When Gary Peel joined the Lakin Law Firm in September 2003, he had spent the previous 17 months accusing the firm of malpractice.
Peel sued the firm in Madison County Circuit Court in April 2002, on behalf of William Coates.
Peel alleged that the firm failed to sue a Greene County farmer who may have caused the death of his client's son, Michael Coates.
Peel dropped Coates as a client when he joined the Lakin firm.
To replace Peel, Coates first retained Charles Chapman and later retained Robert Bosslet.
Circuit Judge Phillip Kardis set jury trial in May 2005, but he delayed it three times and retired without holding trial.
Chief Judge Edward Ferguson assigned the case to Circuit Judge Daniel Stack, who set it Nov. 1, 2005.
By then attitudes in Madison County had changed so fast that the Lakin firm tried to escape the community's judgment.
Six days before trial the firm's attorney, Jeffrey Mitchell of Geneva, moved for change of venue.
"Defendants cannot receive a fair trial in Madison County…," Mitchell wrote.
He argued that negative press about the firm's principal, Tom Lakin, tainted the jury pool.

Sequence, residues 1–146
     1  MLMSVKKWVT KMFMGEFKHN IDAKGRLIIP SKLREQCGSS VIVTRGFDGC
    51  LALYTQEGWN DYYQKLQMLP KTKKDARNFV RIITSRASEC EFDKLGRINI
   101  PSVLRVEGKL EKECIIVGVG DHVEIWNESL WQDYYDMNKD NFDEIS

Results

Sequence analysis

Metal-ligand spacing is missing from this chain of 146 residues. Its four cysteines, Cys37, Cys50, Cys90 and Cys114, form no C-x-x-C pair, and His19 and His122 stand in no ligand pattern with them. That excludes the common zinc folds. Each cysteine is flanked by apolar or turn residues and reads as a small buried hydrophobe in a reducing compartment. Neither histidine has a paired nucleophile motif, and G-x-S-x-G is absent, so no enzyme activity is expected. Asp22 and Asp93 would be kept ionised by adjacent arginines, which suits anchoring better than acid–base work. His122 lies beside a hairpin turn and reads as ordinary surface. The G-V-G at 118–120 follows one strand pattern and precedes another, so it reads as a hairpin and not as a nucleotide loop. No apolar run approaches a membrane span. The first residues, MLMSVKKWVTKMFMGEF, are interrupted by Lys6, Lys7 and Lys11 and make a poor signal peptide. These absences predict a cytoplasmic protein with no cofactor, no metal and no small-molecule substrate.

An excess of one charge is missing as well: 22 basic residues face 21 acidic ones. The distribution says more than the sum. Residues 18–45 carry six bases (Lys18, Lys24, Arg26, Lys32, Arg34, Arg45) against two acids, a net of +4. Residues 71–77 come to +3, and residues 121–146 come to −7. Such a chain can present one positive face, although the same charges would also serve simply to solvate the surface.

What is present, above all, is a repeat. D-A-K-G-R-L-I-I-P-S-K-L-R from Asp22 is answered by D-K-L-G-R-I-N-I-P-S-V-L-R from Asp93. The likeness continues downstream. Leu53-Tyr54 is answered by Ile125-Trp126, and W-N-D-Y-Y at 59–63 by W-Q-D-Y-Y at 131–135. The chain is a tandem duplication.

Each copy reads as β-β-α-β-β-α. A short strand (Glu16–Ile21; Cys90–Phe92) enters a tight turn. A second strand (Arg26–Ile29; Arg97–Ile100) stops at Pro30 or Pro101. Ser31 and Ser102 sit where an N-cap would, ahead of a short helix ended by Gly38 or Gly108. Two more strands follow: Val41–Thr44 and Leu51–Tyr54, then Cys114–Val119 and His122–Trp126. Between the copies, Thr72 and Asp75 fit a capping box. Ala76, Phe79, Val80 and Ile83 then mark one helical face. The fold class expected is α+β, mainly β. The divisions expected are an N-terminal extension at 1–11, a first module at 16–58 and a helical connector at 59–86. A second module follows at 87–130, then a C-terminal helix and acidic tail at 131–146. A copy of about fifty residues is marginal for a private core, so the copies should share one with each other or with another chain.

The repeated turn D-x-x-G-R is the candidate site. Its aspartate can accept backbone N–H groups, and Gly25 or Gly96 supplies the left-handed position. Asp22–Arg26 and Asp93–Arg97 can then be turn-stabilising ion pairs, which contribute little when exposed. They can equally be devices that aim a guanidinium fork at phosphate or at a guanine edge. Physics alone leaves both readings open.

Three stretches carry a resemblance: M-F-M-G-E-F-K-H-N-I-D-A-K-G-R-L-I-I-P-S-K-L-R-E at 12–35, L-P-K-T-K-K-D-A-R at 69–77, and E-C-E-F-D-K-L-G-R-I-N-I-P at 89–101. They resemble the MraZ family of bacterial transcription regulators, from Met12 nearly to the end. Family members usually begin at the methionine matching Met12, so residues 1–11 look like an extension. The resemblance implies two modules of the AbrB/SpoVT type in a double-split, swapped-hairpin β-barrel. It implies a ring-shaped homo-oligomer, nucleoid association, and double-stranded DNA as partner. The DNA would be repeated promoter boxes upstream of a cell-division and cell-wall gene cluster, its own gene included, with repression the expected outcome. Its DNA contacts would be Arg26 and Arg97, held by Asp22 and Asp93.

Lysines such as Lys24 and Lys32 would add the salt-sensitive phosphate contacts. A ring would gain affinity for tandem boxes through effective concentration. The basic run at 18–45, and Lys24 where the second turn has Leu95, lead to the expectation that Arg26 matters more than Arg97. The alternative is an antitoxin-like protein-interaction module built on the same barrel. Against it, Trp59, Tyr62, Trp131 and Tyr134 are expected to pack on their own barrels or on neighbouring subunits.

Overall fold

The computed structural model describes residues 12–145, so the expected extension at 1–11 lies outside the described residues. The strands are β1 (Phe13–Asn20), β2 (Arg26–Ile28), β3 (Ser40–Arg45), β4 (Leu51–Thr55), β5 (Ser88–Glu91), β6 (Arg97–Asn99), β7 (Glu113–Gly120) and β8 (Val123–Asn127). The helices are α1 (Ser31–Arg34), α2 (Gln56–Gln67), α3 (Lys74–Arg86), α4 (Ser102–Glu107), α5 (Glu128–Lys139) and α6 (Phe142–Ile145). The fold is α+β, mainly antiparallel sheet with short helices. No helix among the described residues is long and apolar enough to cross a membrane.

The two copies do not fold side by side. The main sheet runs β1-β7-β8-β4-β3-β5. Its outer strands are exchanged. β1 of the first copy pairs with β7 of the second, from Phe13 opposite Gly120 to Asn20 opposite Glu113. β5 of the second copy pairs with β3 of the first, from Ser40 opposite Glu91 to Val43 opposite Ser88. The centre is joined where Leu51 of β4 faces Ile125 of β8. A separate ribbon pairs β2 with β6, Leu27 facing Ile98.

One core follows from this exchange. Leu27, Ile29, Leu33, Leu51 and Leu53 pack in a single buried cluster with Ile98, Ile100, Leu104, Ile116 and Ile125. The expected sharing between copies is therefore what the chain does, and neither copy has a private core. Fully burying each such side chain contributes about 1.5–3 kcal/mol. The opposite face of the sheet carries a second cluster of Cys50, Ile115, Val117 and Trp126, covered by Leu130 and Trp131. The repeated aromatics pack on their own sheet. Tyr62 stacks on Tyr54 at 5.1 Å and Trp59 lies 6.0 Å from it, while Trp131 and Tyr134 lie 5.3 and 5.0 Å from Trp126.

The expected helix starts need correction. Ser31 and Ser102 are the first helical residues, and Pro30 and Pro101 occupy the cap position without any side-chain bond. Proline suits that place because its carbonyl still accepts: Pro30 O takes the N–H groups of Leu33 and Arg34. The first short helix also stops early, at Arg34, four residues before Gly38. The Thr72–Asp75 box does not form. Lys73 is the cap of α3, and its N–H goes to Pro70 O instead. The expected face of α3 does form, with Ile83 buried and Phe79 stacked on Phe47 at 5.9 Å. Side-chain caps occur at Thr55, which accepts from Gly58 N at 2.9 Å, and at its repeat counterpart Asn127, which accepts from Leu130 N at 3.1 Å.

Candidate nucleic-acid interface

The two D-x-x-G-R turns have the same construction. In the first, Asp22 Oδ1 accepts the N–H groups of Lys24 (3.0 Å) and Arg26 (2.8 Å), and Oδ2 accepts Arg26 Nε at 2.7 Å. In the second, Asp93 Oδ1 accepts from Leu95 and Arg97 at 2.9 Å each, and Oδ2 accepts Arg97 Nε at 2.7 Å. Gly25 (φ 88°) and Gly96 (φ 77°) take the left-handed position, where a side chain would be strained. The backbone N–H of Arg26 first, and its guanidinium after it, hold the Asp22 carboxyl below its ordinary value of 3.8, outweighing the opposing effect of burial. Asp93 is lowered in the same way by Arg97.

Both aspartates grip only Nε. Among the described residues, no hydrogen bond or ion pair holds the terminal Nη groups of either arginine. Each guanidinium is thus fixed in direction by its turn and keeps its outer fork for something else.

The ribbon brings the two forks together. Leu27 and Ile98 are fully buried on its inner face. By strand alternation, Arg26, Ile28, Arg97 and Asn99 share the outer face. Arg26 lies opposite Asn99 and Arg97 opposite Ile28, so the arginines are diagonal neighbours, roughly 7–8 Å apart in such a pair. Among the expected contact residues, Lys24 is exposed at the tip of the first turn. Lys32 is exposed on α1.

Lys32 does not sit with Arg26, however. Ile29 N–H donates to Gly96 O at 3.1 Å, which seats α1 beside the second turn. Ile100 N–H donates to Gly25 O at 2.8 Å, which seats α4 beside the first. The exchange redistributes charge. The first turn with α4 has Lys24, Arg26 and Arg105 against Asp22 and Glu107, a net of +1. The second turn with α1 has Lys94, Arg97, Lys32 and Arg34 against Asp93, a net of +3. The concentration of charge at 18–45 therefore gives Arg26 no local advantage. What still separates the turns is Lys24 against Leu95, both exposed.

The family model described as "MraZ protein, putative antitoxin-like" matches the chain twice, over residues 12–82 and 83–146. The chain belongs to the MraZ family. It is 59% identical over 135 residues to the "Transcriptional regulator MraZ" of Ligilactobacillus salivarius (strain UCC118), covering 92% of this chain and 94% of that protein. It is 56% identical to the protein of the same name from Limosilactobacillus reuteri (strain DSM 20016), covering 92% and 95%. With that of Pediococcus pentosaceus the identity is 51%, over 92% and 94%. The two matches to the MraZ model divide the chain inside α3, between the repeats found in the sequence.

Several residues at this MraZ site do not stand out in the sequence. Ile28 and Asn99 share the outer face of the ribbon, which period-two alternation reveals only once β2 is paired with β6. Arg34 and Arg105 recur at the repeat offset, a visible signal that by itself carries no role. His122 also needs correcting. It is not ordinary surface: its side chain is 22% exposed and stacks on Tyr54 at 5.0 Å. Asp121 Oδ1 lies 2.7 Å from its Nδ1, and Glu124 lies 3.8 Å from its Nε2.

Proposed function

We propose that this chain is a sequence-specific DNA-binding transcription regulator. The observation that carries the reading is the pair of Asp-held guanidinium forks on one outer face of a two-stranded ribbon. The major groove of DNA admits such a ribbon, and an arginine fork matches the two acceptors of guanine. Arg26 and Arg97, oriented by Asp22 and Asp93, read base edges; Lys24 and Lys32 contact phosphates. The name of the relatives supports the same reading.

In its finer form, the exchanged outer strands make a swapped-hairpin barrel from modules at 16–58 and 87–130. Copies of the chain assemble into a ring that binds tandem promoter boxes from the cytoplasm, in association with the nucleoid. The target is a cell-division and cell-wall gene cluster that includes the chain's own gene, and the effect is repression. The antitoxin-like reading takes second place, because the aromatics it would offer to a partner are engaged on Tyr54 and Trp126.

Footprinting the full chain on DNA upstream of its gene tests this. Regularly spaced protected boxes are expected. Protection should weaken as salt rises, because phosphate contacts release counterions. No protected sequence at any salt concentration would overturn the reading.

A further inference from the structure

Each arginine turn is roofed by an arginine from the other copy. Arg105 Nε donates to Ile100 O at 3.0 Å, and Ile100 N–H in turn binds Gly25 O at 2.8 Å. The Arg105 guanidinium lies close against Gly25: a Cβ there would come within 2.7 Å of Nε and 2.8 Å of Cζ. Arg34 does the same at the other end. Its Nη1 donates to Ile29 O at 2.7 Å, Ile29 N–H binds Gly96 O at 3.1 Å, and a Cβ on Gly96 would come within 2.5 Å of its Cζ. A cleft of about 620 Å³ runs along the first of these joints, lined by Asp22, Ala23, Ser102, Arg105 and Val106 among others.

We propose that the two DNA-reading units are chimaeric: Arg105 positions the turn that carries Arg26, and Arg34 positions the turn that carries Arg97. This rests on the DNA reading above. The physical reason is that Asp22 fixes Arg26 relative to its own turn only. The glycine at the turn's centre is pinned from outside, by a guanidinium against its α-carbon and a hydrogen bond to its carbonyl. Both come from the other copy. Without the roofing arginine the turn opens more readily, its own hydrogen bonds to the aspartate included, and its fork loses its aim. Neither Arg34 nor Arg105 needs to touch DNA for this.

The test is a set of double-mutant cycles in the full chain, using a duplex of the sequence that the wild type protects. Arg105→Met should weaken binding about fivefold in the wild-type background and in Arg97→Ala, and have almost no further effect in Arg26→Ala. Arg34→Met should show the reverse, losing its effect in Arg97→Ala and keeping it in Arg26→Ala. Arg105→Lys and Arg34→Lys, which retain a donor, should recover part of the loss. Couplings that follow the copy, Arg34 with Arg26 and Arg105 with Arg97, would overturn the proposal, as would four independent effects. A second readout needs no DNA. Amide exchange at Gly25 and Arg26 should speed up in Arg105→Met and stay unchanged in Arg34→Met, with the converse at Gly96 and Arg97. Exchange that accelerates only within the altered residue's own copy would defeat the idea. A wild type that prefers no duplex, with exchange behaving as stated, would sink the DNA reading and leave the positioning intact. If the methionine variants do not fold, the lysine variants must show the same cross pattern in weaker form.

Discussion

He wrote that on July 20, 2005, the St. Louis Post-Dispatch reported that West Virginia suspended Tom Lakin for a year.
He wrote that on July 22, 2005, the Belleville News-Democrat reported Tom Lakin's discipline in West Virginia.
Stack denied the venue change and started the trial.
He stopped it when Bosslet and Mitchell told him they settled.
By then the author of the complaint had turned into another embarrassment for the Lakin firm.
Peel had filed a bankruptcy petition seeking relief from obligations to former wife Deborah J. Peel under a divorce agreement.
He had tried to cancel the agreement in St. Clair County divorce court, claiming she tricked him into signing a contract he did not understand.
In January 2006 he allegedly tried to blackmail her.
Grand jurors at U.S. District Court in East St. Louis indicted Peel in March 2006 on charges of bankruptcy fraud, possession of child pornography and obstruction of justice.
He left the Lakin firm.
This March, a federal jury in East St. Louis convicted him on all counts.
Back in Edwardsville, Peel's old lawsuit still hasn't gone away.
Bosslet and Mitchell never filed the settlement stipulation they told Stack they would file. The case remains open on Stack's docket.